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Re: Retarded Dough
« Reply #4 on: October 03, 2005, 08:25:11 PM »
rscox62,

Since you posted under the NY Style topic, I wondered whether it was a Lehmann dough recipe that you tried. What prompted my question about the dough handling in my earlier post was the fact that the most common comment or complaint I get about the Lehmann dough is that it is "too" extensible (stretchy), not that it is too elastic. I would be very much interested to know which of the many Lehmann dough recipes on the site you used. There are many possible explanations for why your dough turned out too elastic. Chiguy touched on several of the possible reasons, but there are more. But to be more helpful to you, it would help me to know exactly how you made your dough and later managed it.

As you reply, it would be useful to know whether you weighed out the flour and water, or whether you used volume measurements. I try to provide accurate volume measurement for all of the Lehmann dough recipes I post. However, I use a precise approach for converting weights to volumes. I use a tablespoon to scoop flour weighed on my digital scale into measuring cups and spoons and level off the tops. If you in fact used volumes but didn't use my approach, you can easily have your flour/water ratio (hydration) thrown off, as chiguy suggested. If you ended up with too much flour and not enough water, you can easily end up with an overly elastic dough.

The other thing I'd like to know is if you reballed the dough when you took it out of the refrigerator. I don't mean flattening it on the work surface. I mean taking the dough ball and re-kneading it and reshaping it into a round ball. That will mess up the gluten structure big time and make the dough difficult to shape and stretch. It's not fatal but it will mean having to let the dough sit for another hour or two to allow the gluten to relax again to restore the manageability of the dough.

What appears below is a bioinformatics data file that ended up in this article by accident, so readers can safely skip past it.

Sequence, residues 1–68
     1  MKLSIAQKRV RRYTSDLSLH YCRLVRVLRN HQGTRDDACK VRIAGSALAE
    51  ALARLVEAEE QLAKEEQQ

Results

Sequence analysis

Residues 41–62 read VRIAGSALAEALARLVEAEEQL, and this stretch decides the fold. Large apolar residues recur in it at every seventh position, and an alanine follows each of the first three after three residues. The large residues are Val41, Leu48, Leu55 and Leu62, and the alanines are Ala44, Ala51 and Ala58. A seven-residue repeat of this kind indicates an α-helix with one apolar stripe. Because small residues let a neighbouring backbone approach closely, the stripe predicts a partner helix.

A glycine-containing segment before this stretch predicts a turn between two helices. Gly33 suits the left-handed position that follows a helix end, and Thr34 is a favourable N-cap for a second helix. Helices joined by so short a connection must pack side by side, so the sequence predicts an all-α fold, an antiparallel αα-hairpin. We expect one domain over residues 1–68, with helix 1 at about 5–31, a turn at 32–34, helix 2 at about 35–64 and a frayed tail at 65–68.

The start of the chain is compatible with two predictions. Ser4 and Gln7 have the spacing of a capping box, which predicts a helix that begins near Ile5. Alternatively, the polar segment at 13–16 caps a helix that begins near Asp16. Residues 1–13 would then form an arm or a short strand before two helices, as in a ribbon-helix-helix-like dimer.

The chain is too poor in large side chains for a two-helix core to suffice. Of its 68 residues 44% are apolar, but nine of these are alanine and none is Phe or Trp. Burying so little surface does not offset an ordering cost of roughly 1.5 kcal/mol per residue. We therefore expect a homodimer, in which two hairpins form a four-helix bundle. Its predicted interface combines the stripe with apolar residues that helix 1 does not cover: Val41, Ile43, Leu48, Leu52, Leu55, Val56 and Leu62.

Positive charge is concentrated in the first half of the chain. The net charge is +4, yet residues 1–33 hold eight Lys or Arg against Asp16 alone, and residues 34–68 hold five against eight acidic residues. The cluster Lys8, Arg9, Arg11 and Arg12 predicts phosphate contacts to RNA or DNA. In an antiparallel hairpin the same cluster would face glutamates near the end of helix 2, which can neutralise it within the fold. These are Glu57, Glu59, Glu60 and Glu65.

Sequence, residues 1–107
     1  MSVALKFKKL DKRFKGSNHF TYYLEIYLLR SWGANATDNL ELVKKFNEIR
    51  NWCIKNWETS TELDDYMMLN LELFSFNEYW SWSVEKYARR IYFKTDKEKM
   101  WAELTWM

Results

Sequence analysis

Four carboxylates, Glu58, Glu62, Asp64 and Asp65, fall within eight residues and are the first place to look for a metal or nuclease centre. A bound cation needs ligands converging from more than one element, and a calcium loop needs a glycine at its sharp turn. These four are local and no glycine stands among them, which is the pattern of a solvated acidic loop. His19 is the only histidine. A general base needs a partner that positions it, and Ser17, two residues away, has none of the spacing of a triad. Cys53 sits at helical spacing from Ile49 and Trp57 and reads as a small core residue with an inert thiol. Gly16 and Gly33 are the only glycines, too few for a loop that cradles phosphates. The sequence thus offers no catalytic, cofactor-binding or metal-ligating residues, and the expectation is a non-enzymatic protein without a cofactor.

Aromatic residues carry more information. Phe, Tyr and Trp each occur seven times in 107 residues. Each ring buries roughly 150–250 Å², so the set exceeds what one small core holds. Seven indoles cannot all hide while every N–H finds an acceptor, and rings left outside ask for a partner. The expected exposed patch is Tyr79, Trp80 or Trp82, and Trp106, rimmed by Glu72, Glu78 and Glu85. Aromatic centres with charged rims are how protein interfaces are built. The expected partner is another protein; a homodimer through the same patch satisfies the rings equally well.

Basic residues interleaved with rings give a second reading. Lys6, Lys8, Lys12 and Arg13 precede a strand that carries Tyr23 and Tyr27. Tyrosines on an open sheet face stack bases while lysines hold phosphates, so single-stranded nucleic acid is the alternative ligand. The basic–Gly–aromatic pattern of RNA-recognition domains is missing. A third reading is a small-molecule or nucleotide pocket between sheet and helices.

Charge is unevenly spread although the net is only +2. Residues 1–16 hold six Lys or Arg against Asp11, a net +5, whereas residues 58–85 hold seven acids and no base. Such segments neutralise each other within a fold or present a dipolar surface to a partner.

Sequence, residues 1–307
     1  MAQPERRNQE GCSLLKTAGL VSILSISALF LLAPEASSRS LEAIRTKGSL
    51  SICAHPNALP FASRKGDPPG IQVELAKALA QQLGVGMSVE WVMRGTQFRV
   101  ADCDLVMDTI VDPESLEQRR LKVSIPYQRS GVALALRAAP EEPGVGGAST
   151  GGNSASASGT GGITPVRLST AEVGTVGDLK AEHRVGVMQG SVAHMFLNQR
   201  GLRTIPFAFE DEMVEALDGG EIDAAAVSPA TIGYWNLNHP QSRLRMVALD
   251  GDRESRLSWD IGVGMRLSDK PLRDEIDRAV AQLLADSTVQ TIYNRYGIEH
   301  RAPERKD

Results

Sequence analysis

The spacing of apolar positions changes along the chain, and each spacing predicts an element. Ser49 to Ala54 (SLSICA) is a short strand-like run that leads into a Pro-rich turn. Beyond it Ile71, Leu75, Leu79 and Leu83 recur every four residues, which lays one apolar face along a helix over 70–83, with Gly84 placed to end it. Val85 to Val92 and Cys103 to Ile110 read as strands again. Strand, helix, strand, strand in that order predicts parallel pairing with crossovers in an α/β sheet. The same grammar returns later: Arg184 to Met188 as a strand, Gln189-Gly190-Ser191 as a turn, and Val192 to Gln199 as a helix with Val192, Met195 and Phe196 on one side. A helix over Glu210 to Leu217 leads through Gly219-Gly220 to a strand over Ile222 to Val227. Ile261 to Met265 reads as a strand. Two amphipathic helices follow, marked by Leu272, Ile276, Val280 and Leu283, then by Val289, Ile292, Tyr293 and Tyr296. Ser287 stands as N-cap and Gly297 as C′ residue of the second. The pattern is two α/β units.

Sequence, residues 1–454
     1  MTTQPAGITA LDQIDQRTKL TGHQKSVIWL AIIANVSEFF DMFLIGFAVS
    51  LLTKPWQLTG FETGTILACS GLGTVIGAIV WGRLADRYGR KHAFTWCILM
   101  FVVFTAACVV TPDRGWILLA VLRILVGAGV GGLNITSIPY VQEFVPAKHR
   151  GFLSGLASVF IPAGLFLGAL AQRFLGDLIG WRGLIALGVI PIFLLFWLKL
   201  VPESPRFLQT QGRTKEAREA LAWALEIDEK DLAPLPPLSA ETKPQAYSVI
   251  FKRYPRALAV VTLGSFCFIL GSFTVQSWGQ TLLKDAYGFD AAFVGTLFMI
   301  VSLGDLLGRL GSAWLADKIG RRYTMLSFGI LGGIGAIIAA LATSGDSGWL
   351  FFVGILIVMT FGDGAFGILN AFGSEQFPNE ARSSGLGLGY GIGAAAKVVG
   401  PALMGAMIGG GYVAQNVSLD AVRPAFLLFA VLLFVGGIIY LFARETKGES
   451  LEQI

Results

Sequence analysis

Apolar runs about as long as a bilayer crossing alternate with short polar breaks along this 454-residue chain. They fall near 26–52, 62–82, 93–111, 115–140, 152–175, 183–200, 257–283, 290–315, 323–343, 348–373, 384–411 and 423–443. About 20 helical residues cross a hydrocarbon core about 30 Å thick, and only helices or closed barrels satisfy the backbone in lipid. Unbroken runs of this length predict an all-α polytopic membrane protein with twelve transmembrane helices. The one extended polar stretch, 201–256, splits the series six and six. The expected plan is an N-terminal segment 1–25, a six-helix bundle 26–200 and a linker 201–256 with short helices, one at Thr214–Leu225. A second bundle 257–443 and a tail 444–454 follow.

I highlighted the above possibilities because I think I can rule out many of the other possibilities for the over-elastic dough you made. But I won't know for sure until you tell me more about how you made and used your dough.

Peter

Offline rscox62

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Re: Retarded Dough
« Reply #5 on: October 03, 2005, 08:42:59 PM »
Thanks Peter

That is what I did. I reballed and kneaded the dough after I took it out of the fridge. I will make another attempt in a few days to see what happens

Offline Pete-zza

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Re: Retarded Dough
« Reply #6 on: October 03, 2005, 08:56:08 PM »
rscox,

At least you were honest and didn't make me jump through 5 more hoops ;D.

BTW, you will notice a more elastic tendency to the doughs made with high-gluten flour over the all-purpose and bread flours you have been using. Oftentimes, pizza operators will experience a "buckiness" to their high-gluten doughs. Rather than better managing the dough process, they will use a dough conditioner called PZ-44 to make the dough less elastic. As home pizza makers we would have to buy the stuff by the bagful (I would guess a 50-lb. bag).

Peter